• Reason #1 – Restitution

    The Apostle Peter spoke of the “restitution of all things” that would occur in the last days (Acts 3:21). Joseph Smith explained that this “restitution” would include a restoration of “the ancient order of plural marriage.” He taught that polygamy as practiced “anciently with Abraham, Isaac and Jacob, so it would be again.” Acting through His latter-day prophet Joseph Smith, God would “restore all things” including plural marriage.

    Reason #1 – Restitution
     
  • Reason #2 – Sacrifice

    Throughout religious history, God has issued commandments specifically adapted to the circumstances of His followers and according to divine purposes.  For example, the children of Israel were given the Law of Moses. Similarly, plural marriage was required of the Latter-day Saints between the 1840s and 1890, in part  to test their faith that they might gain valuable experience.

    Reason #2 – Sacrifice
     
  • Reason #3 – Posterity

    The Book of Mormon prophet Jacob declared that God could command plural marriage in order to “raise up seed” unto Him. Similarly, Joseph Smith taught that before we were born we existed as spirits in a premortal world.  In that realm, many “noble and great” spirits were waiting to join devout families.  This likelihood was increased as polygamous husbands and wives “multiplied and replenished the earth.”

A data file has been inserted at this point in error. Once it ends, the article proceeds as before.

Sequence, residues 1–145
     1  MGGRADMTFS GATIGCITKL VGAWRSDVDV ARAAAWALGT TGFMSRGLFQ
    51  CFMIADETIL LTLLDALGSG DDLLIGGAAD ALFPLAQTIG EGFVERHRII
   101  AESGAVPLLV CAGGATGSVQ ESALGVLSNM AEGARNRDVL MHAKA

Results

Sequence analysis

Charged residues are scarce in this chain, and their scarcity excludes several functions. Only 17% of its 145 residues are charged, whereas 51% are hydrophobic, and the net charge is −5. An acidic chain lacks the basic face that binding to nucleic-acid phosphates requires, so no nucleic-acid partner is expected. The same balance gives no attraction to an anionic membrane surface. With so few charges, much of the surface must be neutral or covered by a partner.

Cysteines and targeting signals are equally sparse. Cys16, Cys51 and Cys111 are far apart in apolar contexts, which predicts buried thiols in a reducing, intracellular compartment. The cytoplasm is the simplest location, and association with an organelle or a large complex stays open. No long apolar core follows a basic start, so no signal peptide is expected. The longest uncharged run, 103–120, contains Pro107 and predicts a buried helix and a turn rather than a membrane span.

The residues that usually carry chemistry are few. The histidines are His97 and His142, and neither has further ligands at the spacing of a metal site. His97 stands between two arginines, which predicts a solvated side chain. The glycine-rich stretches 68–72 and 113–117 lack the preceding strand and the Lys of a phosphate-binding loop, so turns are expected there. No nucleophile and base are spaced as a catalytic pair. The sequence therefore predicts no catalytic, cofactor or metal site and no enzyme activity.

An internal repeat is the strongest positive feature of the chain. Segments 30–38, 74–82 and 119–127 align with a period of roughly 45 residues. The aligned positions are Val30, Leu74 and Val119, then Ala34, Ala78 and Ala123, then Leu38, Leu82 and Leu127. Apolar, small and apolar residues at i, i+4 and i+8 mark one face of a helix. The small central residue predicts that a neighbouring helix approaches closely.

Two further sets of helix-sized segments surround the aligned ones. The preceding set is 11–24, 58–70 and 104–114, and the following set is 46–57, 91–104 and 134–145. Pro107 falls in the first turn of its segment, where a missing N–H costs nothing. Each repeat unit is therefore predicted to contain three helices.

Reason #3 – Posterity
     
  • Reason #4 – Exaltation

    The most important reason for polygamy accompanies Joseph Smith’s teaching that no unmarried person can receive exaltation in the Celestial Kingdom. Through temple ordinances and living worthily, a husband and wife can be exalted and bound together in eternal matrimony.  Plural marriage allows all worthy women to be sealed to a husband for eternity. It is “for their exaltation in the eternal worlds.”

    Reason #4 – Exaltation
     
 

Joseph Smith identified four reasons for the institution of plural marriage among his followers in Nauvoo, Illinois, in the early 1840s. Although it was initially repugnant to the morally conservative Latter-day Saints (the “Mormons”), dozens of men and women entered into polygamous unions before Joseph’s June 27, 1844, death.

 

Stories of Faith

Plural marriage was fraught with challenges that tested the faith of the Saints. Observers today may doubt its validity and wonder why Church members accepted the practice at all. Accounts from the early polygamists provide insight helping readers understand that their participation was a manifestation of their faith in God. Perhaps the only way to comprehend their actions is to view Joseph Smith and his marriage teachings through their eyes.


 

Frequently Asked Questions

Understandably, observers often ask questions regarding Joseph Smith’s practice of polygamy. The most common inquiries concern young wives, polyandry, physical relations, Emma’s reaction, denials, Fanny Alger, and whether plural marriage is needed for exaltation. This website provides explanations based upon all available documentation regarding these controversial topics.


 

 

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